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Databases of Leveled or Levelled Books

When a school board librarian receives a question twice, he or she can be sure that that others have the same question and are either too shy to ask or don’t realize that there’s a school board librarian to answer these questions.  I decided to take a deep breath and tackle the compilation of a list of free databases of leveled books.  Just writing the word leveled gives me shivers.  As a Canadian/American, do I spell it with one “l” or two?  How do I feel about leveling books?  No sixth grader wants to read a book that says it’s appropriate for 4th graders.  Do kids comprehend that an N-leveled book is supposed to be below a sixth grader’s reading level?  Is there a humiliation factor involved?
In any case, I am here to serve so please find below my not entirely comprehensive list whose links were working as of October 2012.  Also, you can click here to get a Reading Level Conversion Chart Be advised that I am not responsible for the accuracy of the leveling done by these organizations:

Beaverton School District Leveled Books Database:

Leveled Book lists:

Leveled Books Database:

Portland Public Schools Leveled Book Database:


Scholastic Book Wizard:

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Free Information Resources from the Bibliothèque Nationale

Send a class to Google and chances are, they will copy and paste something that they don’t understand from Wikipedia, or they will get lost in a sea of web sites that may not be appropriate for the topic being researched or beyond their comprehension.  Maybe you are spending hours putting together a webliography that children and teens can use safely and effectively.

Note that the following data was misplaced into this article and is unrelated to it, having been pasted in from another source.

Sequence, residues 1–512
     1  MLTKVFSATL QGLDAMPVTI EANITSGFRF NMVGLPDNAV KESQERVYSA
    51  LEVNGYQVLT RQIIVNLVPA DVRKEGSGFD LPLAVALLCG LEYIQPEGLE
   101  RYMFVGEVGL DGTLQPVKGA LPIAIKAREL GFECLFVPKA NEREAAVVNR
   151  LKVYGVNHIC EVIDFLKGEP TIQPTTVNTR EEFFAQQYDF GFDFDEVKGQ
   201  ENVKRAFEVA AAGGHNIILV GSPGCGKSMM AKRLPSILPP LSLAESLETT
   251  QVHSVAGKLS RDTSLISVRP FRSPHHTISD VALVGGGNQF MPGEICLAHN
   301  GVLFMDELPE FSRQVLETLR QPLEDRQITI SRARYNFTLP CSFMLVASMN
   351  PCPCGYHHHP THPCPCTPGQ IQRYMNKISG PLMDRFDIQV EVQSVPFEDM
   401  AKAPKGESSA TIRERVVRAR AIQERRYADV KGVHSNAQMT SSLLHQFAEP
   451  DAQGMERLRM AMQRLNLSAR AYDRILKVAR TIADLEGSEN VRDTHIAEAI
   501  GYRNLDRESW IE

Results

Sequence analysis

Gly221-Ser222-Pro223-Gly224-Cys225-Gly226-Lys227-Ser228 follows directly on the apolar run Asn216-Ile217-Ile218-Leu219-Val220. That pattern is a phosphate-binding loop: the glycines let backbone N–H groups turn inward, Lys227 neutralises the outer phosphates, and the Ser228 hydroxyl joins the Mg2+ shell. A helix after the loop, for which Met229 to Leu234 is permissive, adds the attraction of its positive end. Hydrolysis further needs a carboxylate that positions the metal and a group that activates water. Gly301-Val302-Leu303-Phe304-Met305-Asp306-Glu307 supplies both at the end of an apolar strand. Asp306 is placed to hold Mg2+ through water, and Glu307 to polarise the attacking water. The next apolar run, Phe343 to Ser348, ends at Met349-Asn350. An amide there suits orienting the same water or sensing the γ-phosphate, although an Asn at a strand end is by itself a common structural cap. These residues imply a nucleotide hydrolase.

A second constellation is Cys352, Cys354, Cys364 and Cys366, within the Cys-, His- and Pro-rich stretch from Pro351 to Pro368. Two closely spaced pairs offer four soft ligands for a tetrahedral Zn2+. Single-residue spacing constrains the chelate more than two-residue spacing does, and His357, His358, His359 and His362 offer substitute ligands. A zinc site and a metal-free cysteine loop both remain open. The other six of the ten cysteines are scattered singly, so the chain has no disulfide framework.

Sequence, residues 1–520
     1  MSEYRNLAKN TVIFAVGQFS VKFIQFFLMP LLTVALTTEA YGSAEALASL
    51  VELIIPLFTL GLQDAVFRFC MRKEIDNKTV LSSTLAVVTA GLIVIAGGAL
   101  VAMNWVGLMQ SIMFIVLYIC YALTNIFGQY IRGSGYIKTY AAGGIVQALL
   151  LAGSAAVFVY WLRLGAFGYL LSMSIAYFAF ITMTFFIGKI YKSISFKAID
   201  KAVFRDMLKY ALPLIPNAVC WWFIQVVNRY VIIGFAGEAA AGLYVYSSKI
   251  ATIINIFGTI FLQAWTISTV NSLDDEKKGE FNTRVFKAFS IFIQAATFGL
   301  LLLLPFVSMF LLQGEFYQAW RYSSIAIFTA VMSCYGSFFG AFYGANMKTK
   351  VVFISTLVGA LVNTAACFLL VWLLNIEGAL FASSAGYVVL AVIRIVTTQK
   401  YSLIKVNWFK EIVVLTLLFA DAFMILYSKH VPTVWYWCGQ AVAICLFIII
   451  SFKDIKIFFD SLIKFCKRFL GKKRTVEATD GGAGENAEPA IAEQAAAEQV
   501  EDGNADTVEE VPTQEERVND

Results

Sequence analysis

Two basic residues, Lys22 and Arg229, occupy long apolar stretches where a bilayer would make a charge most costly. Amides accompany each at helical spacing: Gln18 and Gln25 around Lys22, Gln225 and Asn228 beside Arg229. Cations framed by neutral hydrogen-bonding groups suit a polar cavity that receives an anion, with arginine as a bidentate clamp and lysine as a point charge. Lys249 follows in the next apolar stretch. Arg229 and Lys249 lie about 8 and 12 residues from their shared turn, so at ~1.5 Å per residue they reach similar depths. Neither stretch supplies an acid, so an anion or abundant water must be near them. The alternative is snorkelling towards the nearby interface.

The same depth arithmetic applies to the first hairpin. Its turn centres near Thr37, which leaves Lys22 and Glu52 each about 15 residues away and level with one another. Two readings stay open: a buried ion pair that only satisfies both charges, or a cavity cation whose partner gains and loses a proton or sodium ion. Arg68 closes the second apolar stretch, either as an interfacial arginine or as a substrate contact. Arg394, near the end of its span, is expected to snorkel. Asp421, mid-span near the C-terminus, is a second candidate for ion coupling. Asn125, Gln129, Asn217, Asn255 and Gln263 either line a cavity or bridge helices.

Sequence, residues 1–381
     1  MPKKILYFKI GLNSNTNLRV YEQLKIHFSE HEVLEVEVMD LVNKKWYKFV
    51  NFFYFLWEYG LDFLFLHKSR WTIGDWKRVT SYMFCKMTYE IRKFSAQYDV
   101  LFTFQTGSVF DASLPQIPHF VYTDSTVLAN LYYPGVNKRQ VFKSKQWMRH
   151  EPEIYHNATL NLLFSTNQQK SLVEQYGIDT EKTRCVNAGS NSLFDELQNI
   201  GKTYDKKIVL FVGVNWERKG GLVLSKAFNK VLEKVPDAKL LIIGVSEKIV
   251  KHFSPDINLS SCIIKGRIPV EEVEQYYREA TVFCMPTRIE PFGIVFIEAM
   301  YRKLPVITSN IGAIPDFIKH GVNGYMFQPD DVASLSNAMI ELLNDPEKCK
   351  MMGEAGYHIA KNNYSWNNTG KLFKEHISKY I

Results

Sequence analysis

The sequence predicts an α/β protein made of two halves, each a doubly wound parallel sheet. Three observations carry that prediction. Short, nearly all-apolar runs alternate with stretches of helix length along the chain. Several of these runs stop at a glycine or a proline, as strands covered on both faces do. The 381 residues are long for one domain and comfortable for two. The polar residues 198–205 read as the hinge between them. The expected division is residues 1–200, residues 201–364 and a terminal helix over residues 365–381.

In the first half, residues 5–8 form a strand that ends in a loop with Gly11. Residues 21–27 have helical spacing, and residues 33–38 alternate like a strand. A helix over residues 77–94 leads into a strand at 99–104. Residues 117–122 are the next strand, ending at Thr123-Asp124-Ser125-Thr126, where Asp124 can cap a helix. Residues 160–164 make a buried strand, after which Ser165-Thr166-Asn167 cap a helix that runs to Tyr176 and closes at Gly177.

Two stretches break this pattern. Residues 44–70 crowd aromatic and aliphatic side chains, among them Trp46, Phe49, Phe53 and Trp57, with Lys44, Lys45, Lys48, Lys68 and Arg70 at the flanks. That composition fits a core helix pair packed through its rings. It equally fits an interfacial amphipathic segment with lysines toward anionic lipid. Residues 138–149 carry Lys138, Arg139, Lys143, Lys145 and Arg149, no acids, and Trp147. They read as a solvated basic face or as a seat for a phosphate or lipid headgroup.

For citizens of Québec, there are the free databases available through the Bibliothèque Nationale.  While it breaks copyright to have a whole class sign up to use the distance service and use it as a classroom lesson, it is certainly permissible for teachers and students to have their own memberships for research use.  For teachers, this creates the possibility of having students search tried and true resources that are at the right reading level for their classes.

The Ressources En Ligne includes the World Book Online, Encyclopedia Americana, Encyclopaedia Brittanica, Electric Library Canada, and Electric Library Elementary.

Here is a link to the Jing (video) that I made to show you how to sign up with a demonstration on what a useful tool it can be:

The link for the Bibliothèque Nationale’s form for signing up to this service is:

Please give these wonderful online encyclopedias and databases a try and please let me know what you think if you do try them.